Written evidence submitted by the Baker family (RSM0108)

 

Statement and Summary

 

Introduction and Background

 

We are most grateful for the opportunity to submit evidence to your Committee’s Inquiry into the Roll-Out and Safety of “Smart” Motorways.

 

Prior to the Coronavirus crisis, our family had several decades of daily experience of motorway driving, on many different kinds of motorways.   These ranged from the 1960s’ M2 (2 lanes) to the 3- and 4-lane M20 and M25, the latter both with and without hard shoulders.   During these years, we have witnessed many occasions of congestion, as well as the aftermath of numerous incidents and accidents on motorways.

 

We have therefore taken considerable interest in proposals for, and the implementation of “Smart” Motorways over several years.

 

Our concerns are set out in detail in the Appendices, but can be summarised as follows.

 

Lack of genuine public consultation on proposals for the M25

 

When we first heard of the proposal, in 2012, to convert the section of M25 in Kent and Surrey between Junctions 5 and 7 to All-Lane Running (ALR), through a consultation held by the then Highways Agency, we were alarmed because of the safety implications of removing the hard shoulder permanently and totally.

 

Our safety fears increased when we read the Agency’s consultation document, because it appeared to pay scant attention to safety, and not to have considered and addressed even the most obvious risks.  It read to us as if these risks were being either negligently or deliberately downplayed and/or glossed over.

 

Therefore, we wrote a detailed response to the Agency, and would like your Committee to have a copy, which is enclosed at Appendix 1.

 

You will see that we set out how the consultation document did not address road safety, nor the impact of ALR on the emergency services.  Nor did the consultation document refer to relevant evidence, since it drew on evidence from previous peak-hours-only ALR schemes, and failed to appreciate that the circumstances of those previous schemes were fundamentally different from permanent ALR, and thus the evidence not transferable.  For example, serious reductions in both emergency refuge provision and signage were proposed, with no justification whatsoever stated.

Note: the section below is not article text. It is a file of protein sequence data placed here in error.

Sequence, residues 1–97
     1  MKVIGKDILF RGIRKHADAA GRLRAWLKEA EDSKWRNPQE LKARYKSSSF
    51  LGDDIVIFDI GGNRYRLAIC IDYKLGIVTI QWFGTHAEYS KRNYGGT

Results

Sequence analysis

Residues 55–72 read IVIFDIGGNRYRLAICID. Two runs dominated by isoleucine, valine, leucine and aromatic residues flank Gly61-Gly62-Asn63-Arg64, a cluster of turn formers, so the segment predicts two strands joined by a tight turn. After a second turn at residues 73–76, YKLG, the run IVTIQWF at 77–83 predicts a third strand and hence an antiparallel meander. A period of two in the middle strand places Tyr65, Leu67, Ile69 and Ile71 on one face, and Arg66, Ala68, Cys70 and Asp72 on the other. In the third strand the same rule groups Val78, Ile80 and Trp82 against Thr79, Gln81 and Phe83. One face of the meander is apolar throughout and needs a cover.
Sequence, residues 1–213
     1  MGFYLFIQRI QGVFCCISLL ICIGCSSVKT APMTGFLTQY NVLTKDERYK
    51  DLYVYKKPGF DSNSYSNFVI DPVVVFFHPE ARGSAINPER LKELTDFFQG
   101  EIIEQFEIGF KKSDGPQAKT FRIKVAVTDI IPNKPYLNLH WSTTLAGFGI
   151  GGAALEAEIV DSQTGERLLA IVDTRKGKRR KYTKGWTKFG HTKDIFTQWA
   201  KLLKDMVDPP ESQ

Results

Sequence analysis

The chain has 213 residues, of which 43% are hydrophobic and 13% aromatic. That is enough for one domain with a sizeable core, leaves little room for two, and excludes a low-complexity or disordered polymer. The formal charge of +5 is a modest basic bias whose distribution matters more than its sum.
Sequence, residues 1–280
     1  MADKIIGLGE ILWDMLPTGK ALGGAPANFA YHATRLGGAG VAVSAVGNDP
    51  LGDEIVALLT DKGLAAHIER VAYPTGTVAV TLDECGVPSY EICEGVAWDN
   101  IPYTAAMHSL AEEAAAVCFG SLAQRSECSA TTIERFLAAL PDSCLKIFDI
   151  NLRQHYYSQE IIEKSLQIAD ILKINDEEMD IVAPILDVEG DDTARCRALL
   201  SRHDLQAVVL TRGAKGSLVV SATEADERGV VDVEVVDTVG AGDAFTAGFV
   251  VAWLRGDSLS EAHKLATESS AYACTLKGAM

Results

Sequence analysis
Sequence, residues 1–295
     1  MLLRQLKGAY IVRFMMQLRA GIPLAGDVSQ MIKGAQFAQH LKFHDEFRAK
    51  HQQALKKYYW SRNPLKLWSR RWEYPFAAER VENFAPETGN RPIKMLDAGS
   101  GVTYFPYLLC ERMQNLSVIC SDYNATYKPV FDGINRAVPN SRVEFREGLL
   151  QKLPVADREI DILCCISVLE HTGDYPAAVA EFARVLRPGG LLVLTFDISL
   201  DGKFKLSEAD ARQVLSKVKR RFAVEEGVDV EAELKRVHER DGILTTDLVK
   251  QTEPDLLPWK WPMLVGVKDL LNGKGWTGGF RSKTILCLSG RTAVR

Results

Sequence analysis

We never received any acknowledgment or response to our letter to the Agency, nor were we ever informed of any results of the consultation.  Instead, within a few weeks, work started on the M25 to implement the proposals, with no discernible changes whatsoever.  We felt that the consultation had been neither genuine nor effective, and that decisions had been taken and contracts for works let without taking account of the public’s views or concerns.

 

Implementation of the proposals on the M25

 

When the ALR scheme opened, we found all the fears we had expressed about inadequate infrastructure, on page 4 of our letter at Appendix 1 (page 8 of this document) [not published], to be valid.   In particular:-

 

(a)  Information to drivers:   On entering the ALR section of the M25, there is no information to drivers as to how to behave in the event of a problem with their vehicles – let alone multilingual information.   Information is required in several languages other than English, because the M25 is a main route for thousands of HGVs and other vehicles every day entering the UK with foreign drivers.

 

(b) Inadequate variable driver information signs:   These are not easily visible, being over the inside lane only, where they are frequently obscured from view from drivers in the outside lanes by HGVs, large vans and coaches.   They are also far too small for useful text to be displayed – only minimal text (e.g. one word) and incomprehensible symbols will fit onto them.

 

In our view, only overhead gantry signs can give effective instructions or information to drivers in different lanes about how they should behave in each lane.   We have witnessed that even a red cross directly over a lane does not succeed in preventing all traffic from using that lane beyond the sign – and the inside-lane signs alone are highly ineffective.

 

(c)  Emergency refuge areas:   There are far too few refuge areas, and those that exist are far too small and are “full” once an HGV is occupying them.   There is also far too little signage to them in the lengths of motorway between them.

 

As a result, we regard the risk of collision with a stationary vehicle in the inside running lane of “Smart” Motorways to be unacceptably great – and even more so in poor visibility or at night.  

Therefore, most of us always avoid driving in the inside lane on ALR motorways, aware that the risk of collision with a stationary or slow-moving vehicle is highest of all in the inside lane, and also preferring the flexibility to try to move to the side in either direction in the event of suddenly encountering a stationary vehicle in the lane of travel.